The Department of Homeland Security and the FBI are really excited about the possibility of being able to seize control of, or otherwise disable, malicious drones in American airspace.
Representatives from both agencies, as well as the Federal Aviation Administration, spoke strongly in favor of new legislation that would grant the agencies these powers at a Senate hearing Wednesday. But while the room was friendly, the bill isn’t without its critics.
The Preventing Emerging Threats Act of 2018, introduced last month by Sen. Ron Johnson, R-Wisc., is a bipartisan bill that would “authorize personnel of the Department of Homeland Security or the Department of Justice” to take a number of actions to “mitigate the threat that an unmanned aircraft system or unmanned aircraft poses to the safety or security of a covered facility or asset” as defined by the DHS secretary or attorney general.
These actions include monitoring and tracking unmanned aircraft, warning the operator of said aircraft and, if necessary, advancing to “disrupt control” of the aircraft. The bill, as currently written, grants officials the option to “use reasonable force to disable, damage, or destroy” a threatening drone.
This is not a capability that DHS or DOJ officers currently possess. “We have no authorities to counter these drones,” Johnson said, in his opening remarks. He kicked off the hearing with a YouTube video that shows an Islamic State drone dropping a bomb on a target with impressive accuracy. “It looks like something out of our Defense Department,” Johnson said. “It’s frightening.”
In Johnson’s estimation, similar capacity could easily be used in a domestic terror attack. “We should thank our lucky stars that we haven’t seen a real tragic incident,” Johnson said.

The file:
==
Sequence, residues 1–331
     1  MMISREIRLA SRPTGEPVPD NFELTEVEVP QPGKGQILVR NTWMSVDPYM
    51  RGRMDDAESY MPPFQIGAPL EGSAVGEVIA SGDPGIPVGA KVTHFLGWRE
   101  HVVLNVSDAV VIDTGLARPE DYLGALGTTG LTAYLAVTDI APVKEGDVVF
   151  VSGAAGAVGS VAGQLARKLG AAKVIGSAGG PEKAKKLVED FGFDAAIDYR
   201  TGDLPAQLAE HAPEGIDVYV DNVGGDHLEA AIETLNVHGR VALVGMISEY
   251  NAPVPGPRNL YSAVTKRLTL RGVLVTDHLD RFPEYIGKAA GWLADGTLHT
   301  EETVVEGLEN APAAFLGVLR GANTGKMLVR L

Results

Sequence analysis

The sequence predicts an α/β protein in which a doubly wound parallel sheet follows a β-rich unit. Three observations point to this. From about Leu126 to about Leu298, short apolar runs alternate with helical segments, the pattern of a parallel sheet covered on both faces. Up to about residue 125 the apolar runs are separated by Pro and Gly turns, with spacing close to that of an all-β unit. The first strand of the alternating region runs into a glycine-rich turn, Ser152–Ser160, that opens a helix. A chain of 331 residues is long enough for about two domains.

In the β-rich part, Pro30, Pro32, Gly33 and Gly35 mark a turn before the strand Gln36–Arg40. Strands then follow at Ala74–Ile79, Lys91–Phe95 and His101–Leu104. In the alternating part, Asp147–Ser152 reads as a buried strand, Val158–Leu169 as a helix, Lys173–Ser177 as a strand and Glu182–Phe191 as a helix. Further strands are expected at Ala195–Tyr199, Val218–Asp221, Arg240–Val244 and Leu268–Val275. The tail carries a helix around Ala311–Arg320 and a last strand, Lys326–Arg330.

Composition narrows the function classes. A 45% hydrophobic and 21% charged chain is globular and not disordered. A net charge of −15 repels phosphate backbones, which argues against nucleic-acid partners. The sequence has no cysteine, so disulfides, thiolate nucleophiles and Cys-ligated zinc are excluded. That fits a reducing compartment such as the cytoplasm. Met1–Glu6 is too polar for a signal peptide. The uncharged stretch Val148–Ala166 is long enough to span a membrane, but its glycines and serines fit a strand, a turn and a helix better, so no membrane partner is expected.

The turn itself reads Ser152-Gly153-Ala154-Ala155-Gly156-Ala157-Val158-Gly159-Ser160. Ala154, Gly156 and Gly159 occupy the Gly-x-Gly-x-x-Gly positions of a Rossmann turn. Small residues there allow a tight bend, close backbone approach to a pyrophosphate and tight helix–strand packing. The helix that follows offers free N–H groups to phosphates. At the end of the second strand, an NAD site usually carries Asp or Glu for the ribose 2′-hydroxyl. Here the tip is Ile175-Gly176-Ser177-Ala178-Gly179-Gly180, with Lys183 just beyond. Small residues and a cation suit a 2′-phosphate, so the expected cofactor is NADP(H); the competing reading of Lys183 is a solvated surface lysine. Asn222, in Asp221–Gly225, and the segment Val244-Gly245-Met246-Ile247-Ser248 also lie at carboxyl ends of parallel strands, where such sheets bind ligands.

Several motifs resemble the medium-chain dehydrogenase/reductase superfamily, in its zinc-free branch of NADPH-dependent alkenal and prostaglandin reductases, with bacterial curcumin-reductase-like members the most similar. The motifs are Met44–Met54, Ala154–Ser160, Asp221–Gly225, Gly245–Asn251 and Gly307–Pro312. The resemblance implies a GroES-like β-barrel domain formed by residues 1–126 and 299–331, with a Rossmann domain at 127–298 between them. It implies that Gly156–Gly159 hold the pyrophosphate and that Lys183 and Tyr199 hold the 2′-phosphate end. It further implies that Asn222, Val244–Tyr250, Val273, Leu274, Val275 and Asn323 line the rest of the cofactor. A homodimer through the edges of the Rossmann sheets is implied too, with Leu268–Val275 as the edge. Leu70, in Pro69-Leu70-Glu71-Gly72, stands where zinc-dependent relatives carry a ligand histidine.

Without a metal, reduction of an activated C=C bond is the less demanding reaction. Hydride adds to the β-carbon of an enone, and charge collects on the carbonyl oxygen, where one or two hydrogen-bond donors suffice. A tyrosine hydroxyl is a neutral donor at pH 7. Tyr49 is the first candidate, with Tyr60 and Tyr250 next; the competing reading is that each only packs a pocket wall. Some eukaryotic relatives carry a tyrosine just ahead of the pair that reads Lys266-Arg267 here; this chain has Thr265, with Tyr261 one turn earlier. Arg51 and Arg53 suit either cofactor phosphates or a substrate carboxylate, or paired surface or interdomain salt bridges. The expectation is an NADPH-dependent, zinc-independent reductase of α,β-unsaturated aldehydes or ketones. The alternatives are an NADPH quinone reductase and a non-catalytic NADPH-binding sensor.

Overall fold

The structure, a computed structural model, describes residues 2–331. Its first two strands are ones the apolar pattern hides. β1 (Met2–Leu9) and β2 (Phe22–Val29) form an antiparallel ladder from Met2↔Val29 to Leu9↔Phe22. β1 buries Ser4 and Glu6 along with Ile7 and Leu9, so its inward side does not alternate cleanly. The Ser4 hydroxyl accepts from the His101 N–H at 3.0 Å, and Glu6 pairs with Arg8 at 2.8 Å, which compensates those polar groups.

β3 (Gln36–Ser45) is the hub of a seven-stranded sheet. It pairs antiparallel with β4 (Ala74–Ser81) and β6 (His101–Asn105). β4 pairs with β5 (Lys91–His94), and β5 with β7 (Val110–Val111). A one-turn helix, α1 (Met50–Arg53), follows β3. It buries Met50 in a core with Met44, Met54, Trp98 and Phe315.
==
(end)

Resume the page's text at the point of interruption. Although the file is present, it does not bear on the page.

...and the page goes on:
Johnson and his colleagues want to get out in front of the threat by giving DHS and DOJ the authority to counter drones without fear of liability. And the agencies, unsurprisingly, are very much in support of this.
“The FBI is concerned that criminals and terrorists will exploit UAS in ways that pose a serious threat to the safety of the American people,” FBI Deputy Assistant Director Scott Brunner said in his testimony. “At present, the FBI and our federal partners have very limited authority to counter this new threat. Potential conflicts in federal criminal law limit the use of technologies that would enable the FBI to detect or, if necessary, to mitigate UAS that threaten critical facilities and assets. Absent legislative action, the FBI is unable to effectively protect the U.S. from this growing threat.”
The bill at hand, Brunner said, is a step in the right direction.
DHS Under Secretary for Intelligence and Analysis David J. Glawe echoed this sentiment. “This threat is real,” he said. And as drones get cheaper and more accessible, it will only be more important for security officials to have the authority to defend against the bad ones. “This bill is a very strong first step,” Glawe added.
Many of the authorities granted by the bill are similar to capabilities the Defense Department has to protect its own assets— the bill would translate these to the national security space.
The FAA also spoke in support of the legislation.
“The FAA supports our national security partners in DHS and the Department of Justice gaining this authority,” Deputy Associate Administrator for Security and Hazardous Materials Safety Angela Stubblefield said in her closing remarks. “There’s a lot to be learned about how to properly use it in the national airspace and in civil environments, and this authority will give us the opportunity to move further down that road.”
Despite the convivial atmosphere in the hearing room, the bill is not completely uncontroversial. There were several allusions to opposition from the American Civil Liberties Union during the course of the hearing — the group wrote a letter officially opposing the legislation on the grounds that it is too broad and lacks appropriate privacy protections.
“The bill amounts to an enormous unchecked grant of authority to the government to forcefully remove drones from the sky in nebulous security circumstances,” the letter reads.
Johnson called the contents of a letter “completely unjustifiable criticism,” saying the authorities the bill would grant are actually “minimal.”
The hearing Wednesday was a public version of a classified hearing held Tuesday — Johnson admitted he’s always wary of holding public hearings on national security topics because “I really don’t want to give the bad guys any ideas.”
The goal from here, Johnson said, is to get the Preventing Emerging Threats Act tacked onto the 2019 defense authorization bill. There’s currently no House version of the legislation.